Tributaries Surge Protector

The HD Guru has been recommending a surge protector for your HDTV and related electronics. Tributaries makes really good, moderately priced ones that are much more useful than many competitors, due to their clever designs.

The first thing you will notice, a number of the outlets rotate 90 or 180 degrees depending on the model. This allows the use of external power supplies often called “wall warts”, those little black boxes that supply power to most low voltage device like Slingbox, switchers, VUDU etc. The rotation design allows you to place the wall warts next to each other on the surge protector. Without rotation, wall warts tend to block the adjacent power jacks, often turning a 8 outlet strip into a 3 outlet strip.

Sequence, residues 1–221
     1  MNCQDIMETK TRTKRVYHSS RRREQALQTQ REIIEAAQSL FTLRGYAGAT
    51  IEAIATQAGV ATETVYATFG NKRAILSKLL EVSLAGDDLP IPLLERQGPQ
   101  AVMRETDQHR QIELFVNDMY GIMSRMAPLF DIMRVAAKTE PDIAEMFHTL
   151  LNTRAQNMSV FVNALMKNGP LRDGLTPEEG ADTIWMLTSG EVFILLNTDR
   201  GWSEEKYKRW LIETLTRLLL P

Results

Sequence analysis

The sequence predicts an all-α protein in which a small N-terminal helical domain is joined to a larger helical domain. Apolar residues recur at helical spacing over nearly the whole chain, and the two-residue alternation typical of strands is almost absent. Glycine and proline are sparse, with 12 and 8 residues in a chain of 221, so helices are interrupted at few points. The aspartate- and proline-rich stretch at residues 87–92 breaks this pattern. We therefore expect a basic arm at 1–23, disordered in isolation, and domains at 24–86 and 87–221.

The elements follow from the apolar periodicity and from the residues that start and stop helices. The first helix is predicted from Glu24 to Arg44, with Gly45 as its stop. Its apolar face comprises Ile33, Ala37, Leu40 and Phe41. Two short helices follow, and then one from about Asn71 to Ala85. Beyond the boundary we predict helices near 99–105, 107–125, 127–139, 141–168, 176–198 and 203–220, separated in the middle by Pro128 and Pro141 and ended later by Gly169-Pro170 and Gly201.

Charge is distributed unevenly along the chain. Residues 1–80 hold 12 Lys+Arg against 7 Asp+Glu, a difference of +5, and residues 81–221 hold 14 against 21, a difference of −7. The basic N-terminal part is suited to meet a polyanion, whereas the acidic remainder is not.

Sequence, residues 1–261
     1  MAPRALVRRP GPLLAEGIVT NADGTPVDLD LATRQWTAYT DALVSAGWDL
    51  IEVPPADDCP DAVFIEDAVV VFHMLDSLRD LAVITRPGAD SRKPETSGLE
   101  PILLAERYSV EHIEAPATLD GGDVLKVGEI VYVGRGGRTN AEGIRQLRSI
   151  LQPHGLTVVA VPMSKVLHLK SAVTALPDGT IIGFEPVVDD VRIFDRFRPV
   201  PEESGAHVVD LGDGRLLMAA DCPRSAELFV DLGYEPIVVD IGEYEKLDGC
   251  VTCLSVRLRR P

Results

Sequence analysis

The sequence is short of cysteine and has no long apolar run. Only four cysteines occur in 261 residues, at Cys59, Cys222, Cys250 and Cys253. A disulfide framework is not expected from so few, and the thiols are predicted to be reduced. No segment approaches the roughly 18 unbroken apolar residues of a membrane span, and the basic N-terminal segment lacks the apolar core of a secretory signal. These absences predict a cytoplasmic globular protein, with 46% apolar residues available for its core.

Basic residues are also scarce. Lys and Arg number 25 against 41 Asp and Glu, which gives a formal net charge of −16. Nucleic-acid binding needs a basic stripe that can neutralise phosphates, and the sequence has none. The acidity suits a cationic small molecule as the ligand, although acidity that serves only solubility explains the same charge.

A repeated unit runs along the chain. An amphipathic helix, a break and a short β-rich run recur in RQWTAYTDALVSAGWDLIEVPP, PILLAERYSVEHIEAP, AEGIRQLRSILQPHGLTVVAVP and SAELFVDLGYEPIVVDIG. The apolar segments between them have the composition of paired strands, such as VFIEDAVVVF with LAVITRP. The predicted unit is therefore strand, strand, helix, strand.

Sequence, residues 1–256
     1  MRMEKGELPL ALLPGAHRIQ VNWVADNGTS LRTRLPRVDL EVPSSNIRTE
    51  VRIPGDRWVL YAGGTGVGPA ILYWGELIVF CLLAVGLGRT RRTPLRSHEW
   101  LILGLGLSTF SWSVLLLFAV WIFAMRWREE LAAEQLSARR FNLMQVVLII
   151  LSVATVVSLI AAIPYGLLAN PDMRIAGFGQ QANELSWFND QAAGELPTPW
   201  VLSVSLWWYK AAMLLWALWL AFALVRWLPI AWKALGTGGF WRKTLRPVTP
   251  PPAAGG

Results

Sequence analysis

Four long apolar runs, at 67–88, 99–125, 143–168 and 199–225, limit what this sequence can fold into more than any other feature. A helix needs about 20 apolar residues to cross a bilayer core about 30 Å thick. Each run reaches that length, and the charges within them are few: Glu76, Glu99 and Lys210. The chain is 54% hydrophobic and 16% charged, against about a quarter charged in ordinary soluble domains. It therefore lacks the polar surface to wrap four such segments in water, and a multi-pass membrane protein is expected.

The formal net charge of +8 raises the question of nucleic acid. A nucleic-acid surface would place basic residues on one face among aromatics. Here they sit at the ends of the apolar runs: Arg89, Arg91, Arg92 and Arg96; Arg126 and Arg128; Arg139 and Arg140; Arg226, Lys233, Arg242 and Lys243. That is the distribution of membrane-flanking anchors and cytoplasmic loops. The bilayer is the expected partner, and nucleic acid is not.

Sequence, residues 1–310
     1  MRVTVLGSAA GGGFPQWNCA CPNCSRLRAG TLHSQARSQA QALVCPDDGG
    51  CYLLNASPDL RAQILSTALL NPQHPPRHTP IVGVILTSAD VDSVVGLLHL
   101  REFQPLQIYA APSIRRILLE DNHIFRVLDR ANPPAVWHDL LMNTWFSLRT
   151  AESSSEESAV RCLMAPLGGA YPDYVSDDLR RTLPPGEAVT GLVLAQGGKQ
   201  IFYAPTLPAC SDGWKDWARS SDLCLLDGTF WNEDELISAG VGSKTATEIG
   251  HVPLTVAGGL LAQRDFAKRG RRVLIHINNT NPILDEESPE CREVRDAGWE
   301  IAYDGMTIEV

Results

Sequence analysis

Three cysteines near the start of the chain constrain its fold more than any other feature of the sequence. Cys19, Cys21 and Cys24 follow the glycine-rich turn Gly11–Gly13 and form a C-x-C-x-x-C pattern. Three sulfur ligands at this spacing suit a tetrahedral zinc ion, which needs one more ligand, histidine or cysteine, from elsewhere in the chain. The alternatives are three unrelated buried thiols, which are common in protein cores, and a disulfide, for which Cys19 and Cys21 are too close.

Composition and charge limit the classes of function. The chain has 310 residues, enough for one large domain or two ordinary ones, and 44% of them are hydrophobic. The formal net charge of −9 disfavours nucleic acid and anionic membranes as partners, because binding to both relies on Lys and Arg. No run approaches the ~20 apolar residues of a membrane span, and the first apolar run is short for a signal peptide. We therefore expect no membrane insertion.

The other great feature on the Tributaries surge protectors is an auto test lamp. Many consumers don’t realize, after a surge protector takes a strong surge, it may not absorb the next one and will simply pass the excess voltage to your HDTV and connected devices, negating its purpose and possibly causing damage to your equipment. There is simply no way to know if it is doing its job with out a test. The Tributaries T series have a self-check light to assure it continues to function properly. Tributaries makes surge protectors with 8, 10 and 12 outlets, starting at just $50 retail. That’s cheap insurance.

Happy Holidays to All Our Readers